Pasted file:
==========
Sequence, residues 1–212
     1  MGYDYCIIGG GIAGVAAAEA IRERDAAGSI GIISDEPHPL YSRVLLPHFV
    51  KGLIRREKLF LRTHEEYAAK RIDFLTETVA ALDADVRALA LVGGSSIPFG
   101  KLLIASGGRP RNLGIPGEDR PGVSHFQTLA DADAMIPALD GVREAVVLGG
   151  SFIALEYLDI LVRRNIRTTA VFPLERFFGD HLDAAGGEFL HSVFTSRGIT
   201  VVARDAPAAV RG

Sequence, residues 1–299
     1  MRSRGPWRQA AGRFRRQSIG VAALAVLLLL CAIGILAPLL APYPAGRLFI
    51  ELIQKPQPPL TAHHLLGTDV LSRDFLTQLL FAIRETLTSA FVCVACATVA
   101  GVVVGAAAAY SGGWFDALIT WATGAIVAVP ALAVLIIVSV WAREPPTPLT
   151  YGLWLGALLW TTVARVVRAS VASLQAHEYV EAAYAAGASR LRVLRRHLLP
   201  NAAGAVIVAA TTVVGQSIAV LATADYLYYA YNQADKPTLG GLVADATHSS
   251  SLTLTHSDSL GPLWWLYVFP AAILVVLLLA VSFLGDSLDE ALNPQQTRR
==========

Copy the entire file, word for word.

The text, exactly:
Sequence, residues 1–212
     1  MGYDYCIIGG GIAGVAAAEA IRERDAAGSI GIISDEPHPL YSRVLLPHFV
    51  KGLIRREKLF LRTHEEYAAK RIDFLTETVA ALDADVRALA LVGGSSIPFG
   101  KLLIASGGRP RNLGIPGEDR PGVSHFQTLA DADAMIPALD GVREAVVLGG
   151  SFIALEYLDI LVRRNIRTTA VFPLERFFGD HLDAAGGEFL HSVFTSRGIT
   201  VVARDAPAAV RG

Sequence, residues 1–299
     1  MRSRGPWRQA AGRFRRQSIG VAALAVLLLL CAIGILAPLL APYPAGRLFI
    51  ELIQKPQPPL TAHHLLGTDV LSRDFLTQLL FAIRETLTSA FVCVACATVA
   101  GVVVGAAAAY SGGWFDALIT WATGAIVAVP ALAVLIIVSV WAREPPTPLT
   151  YGLWLGALLW TTVARVVRAS VASLQAHEYV EAAYAAGASR LRVLRRHLLP
   201  NAAGAVIVAA TTVVGQSIAV LATADYLYYA YNQADKPTLG GLVADATHSS
   251  SLTLTHSDSL GPLWWLYVFP AAILVVLLLA VSFLGDSLDE ALNPQQTRR